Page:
Growing up in a scrupulously indifferent unionist homestead I had to go. The Union was at stake. Sounds like an oxymoron and it surely is – the indifferent aren’t supposed to be passionate – but all I’ve known is I’m Irish and British and I like it that way. I’m an alumnus of Belfast Inst, the Royal School founded by a United Irishman. That’s Irish history for you.
These events were history and the future constitution in flow. Belfast to Edinburgh is all about the ascent because next thing you know you’re on the approach. I’d earlier made the rendez-vous with my fellow writers, Jason Alan Murdock, his eponymously named colleague Jason Ashford and Dr. David McCann. The Ulster men met the Scots. We disembarked and took a tram to Prince’s Street in the company of the classic Lothian weather. Mild and gloomy, unlike the mood, upbeat and very confident. It was all about the Yes. The tram ride gave us a view on one consolatory and rather pitiful No campaigner, doing his bit for the moribund party of Clegg. Tram done, the whole place was awash with Yes badges, stickers, flags, megaphones and mouth-pieces. From Leith Walk to George’s Street and the hike up the Royal Mile it was all saltires and self-assured yes voters.
Walking through Edinburgh is like clambering though a canyon, the buildings are like cliff faces perfectly symmetrical.
Feeling the effects of the early rise and the unwriterly levels of activity we took refuge in Biblos Bar and Restaurant just off the Royal Mile. We sa into the papers and Twitter wires trying to get a measure of the place. The streets had said Yes and the wires we saying Yes. The Yes were bold, bullish and ebullient. The timbre of the No was timid.
We then picked up Queen’s university writer Tori Watson and the camp was divided 3-2. Fed and several pints deep we took ourselves to the streets to engage some of the Yes voters and the No if we could find them. For the Yes was all about Scotland and Scottish destiny and getting away from Westminster. For this de facto unionist it was a bit like Dublin. I felt simultaneously at home and out of place. A native on home turf with the locals barracking against the perfidies of Albion.
Eventually we chanced across a No voter, young, fresh faced and confident. His case was the example of independent Ireland for which he had earlier been accosted, and it didn’t do much for me.
It was funny how happy each side of our group was to reach out to the No and Yes voter, depending on our inherited tastes. David spoke to the Yes voters (and even found a recanting loyalist) while I searched for the minority of outfacing No voters. This was the self-perpetuating and self-reinforced echo-chamber – Northern Ireland politics in microcosm.
My discouragement at the sea of Yes turned on its head as I took to the street art. I didn’t have a vote but I had a voice. It was a matter for the people of Scotland but the issue being our Union I thought I’d share some thoughts.
Later I came upon a swaggering, shaven headed, leather-coat wearing, labour-voting, No-voter and was greatly encouraged. He’d put £14K on a No return and assured me it would be an impressive one.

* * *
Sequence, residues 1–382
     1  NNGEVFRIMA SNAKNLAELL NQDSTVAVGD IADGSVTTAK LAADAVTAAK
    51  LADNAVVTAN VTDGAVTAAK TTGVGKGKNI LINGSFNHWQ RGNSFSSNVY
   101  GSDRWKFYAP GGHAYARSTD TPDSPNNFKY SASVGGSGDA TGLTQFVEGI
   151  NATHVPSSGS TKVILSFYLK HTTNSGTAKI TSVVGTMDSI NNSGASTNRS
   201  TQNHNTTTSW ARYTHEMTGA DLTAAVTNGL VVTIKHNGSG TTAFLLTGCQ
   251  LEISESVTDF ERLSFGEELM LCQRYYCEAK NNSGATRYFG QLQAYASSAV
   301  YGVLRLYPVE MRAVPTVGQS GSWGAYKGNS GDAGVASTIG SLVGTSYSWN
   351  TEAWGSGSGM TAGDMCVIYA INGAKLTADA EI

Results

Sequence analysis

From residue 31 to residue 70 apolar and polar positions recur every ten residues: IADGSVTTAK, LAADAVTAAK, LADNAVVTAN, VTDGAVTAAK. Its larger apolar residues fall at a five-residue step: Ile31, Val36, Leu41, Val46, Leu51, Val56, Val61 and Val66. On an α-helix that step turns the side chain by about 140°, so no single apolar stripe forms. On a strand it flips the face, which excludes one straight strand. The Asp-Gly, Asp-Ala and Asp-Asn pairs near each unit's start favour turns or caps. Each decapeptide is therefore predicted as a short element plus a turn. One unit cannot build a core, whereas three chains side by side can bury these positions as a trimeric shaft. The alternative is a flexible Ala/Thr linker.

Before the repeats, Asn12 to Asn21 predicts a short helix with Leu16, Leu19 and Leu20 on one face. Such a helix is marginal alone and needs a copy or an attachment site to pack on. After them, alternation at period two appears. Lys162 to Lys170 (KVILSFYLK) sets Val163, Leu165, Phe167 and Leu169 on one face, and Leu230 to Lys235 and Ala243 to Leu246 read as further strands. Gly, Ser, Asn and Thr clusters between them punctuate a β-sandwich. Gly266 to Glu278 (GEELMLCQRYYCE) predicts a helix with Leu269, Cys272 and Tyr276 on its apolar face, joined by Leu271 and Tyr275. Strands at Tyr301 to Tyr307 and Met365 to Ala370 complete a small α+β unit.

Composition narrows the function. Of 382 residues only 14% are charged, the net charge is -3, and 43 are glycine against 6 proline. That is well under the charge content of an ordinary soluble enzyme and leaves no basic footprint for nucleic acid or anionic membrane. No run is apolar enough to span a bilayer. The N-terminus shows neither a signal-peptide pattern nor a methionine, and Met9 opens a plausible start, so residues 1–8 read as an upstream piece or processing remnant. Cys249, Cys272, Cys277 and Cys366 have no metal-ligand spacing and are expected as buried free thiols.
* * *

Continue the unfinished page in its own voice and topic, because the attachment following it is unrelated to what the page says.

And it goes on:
We reassembled and made the descent down the Royal Mile, our playground for the afternoon, lined with Yes voters, Yes stickers and TV crews. And of course every 50 metres of so we would come across the foreign fanatic so in favour of Scottish independence. The Catalan, the Basque and the Corsican.
All 5 marched to the fine dining house Wetherspoons on George’s Street for the debrief and post-mortem, watering and more food. By this stage we had been romping around for 12 hours and were really feeling it.
This was scottish independence, there was no time for frayed energy levels, adrenaline reserves would carry us diarists and documenters. There was a story to be told.
The two Jasons and David then left for the main counting station, 8 miles out of town. Watson and I would sample the social wires. By 8pm the city centre was dark and, strangely for a cosmopolitan centre, clean of activity, the artery routes where it was at.
I took myself to Leith Walk and met with a Belfast emigre now domiciled and franchised in Edinburgh since 2006. He’d done his de facto and indifferent unionist thing.
This arterial route was very continental. Edinburgh cliff face buildings straddled with Paris-style cafes. By now I was decked in vote No stickers and felt a twinge of the self-conscious walking past and through these bars full of Yes voting clientele.
By now it was past ten, the polling stations were closed and it was approaching 12. With Radio 4 playing softly and the notifications at the ready I took to my bed. My colleagues 8 miles away trudged on.
I got a text at 05:00 hours on Friday September 19 2014. “No wins”. The Union was safe. Back to sleep. I awoke and rose at 10, got a Bolton shower and retook the streets. I wasn’t particularly moved. Reassured but not brimming.
The air that day was mouldier than the previous and the lie of the land more mute. With the earplugs in I heard the analysis, celebrations and commiserations.
I’m not sure how you can measure it. The bellicose Yes suddenly becomes the lachrymose. It’s bizarre. The whole experience played with the senses. The media and polls put it neck and neck. The bookies had it for No. The streets and social media said Yes. Was it the bravado of a self-doubter making up for their insecurities? Was it the bark of a plucky underdog who, in the end, didn’t have the bite? It seems it was the overwhelming weight of a silent majority – the consensus of a conservative establishment and a comfortable middle class and older demographic happy with the status quo.